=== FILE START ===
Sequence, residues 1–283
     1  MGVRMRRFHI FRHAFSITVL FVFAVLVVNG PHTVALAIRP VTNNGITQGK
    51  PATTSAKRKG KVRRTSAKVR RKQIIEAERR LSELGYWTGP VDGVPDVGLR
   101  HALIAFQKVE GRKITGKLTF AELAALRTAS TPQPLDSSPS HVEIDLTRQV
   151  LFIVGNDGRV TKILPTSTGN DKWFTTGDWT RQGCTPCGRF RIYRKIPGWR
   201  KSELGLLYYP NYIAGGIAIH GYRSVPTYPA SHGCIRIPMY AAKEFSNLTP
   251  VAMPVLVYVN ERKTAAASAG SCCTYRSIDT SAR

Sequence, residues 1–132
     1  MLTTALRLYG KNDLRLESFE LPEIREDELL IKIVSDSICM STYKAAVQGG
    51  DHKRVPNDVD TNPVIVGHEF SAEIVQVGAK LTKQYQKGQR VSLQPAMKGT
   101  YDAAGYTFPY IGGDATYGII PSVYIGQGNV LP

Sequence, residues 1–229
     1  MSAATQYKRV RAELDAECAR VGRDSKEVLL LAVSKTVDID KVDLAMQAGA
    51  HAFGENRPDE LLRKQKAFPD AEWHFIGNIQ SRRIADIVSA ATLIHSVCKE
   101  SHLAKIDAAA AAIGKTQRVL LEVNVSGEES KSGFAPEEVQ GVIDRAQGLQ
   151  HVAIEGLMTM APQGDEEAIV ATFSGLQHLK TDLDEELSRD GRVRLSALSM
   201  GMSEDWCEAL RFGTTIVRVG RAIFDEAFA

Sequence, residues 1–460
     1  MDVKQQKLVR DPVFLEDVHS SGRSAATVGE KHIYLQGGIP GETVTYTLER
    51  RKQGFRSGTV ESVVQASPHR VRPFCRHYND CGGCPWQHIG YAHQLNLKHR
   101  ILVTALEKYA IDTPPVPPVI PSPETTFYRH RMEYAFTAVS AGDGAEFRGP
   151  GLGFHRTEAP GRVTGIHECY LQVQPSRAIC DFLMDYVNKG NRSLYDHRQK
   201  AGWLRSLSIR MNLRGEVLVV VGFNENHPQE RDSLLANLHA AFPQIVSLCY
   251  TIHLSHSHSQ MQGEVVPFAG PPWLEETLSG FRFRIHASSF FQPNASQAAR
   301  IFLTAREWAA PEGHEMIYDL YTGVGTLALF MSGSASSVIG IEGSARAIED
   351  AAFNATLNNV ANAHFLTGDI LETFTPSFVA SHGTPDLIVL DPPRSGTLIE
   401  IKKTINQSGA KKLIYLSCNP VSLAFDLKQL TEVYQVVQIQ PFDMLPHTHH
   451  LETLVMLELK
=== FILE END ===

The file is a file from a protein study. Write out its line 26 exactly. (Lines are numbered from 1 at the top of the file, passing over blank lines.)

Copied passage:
   351  AAFNATLNNV ANAHFLTGDI LETFTPSFVA SHGTPDLIVL DPPRSGTLIE